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Just starting out with front end development here, but despite my assuredly poor practices I've been enjoying things a lot. Basically I'm trying to add an onclick function to an element when the page loads. It was working fine as:

$("li a:contains('Search')").ready(function(){
    $("li a:contains('Search')").on("click", function(){
$("li a:contains('Search)").text("test")});
});

But my programmer spidey-senses were strongly activated by the quite frankly gross state of this code, so I tried to refactor and my thought for the easiest first-step refactoring was this:

function replaceWithSearch(element){
    element.text("test");
}

$("li a:contains('Search')").ready(function(){
    $("li a:contains('Search')").on("click", replaceWithSearch($("li a:contains('Search')")));
});

However, when I changed to that, the onclick function now launches immediately. Is there a way to force the function to only be evaluated when called as a callback? I would prefer to have the function be reusable, also if you have any other comments on refactoring my code or best practices I would be very glad to hear them. Again, just starting out with Javascript and I would love to build some good practices.

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1  
I've never seen .ready() in this context. It's usually on document ready, which then calls a function to set up the event handlers. –  Diodeus Jul 15 '13 at 13:57
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2 Answers

up vote 3 down vote accepted

Optimized code:

$(document).ready(function() {
    $("li a:contains('Search')").bind("click", function() {
        $(this).text("test");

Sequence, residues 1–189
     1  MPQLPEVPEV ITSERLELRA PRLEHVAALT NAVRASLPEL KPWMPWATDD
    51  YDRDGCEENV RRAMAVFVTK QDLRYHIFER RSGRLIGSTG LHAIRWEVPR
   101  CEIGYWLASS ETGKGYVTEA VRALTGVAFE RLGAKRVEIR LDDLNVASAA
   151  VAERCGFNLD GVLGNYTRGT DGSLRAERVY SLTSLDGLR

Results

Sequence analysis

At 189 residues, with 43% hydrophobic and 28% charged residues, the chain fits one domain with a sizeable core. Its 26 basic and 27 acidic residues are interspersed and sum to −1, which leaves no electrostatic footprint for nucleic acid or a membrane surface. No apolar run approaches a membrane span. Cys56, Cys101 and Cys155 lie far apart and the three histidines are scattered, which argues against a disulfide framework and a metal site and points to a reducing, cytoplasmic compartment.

});
});

If you prefer to use a function, proper way is:

$(document).ready(function() {
    $("li a:contains('Search')").bind("click", replaceWithSearch);
});

And in the function you don't have to use argument:

function replaceWithSearch(){
    $(this).text("test");
}

Live test case.

If your elements are created after page load, use the .on() like this:

$(document).on("click", "li a:contains('Search')", replaceWithSearch);

Updated fiddle.

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Oh, fantastic. Thanks so much for this. Great explanation, and optimized code is much cleaner. –  Slater Tyranus Jul 15 '13 at 14:04
    
Cheers @Slater I assume that all elements are fixed, right? Meaning you don't create links on the fly with code? –  Shadow Wizard Jul 15 '13 at 14:15
    
Well, done in mako templates rather than js. Is there something I should watch out for? –  Slater Tyranus Jul 15 '13 at 14:20
    
If the elements are created after page load you need to use the .on(), will edit my post now. –  Shadow Wizard Jul 15 '13 at 14:38
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Wrap the handler in a function like:

$("li a:contains('Search')").ready(function(){
    $("li a:contains('Search')").on("click", function() {replaceWithSearch($("li a:contains('Search')"))});
});

That way, the handler is defined and associated with the click event, rather than executing immediately.

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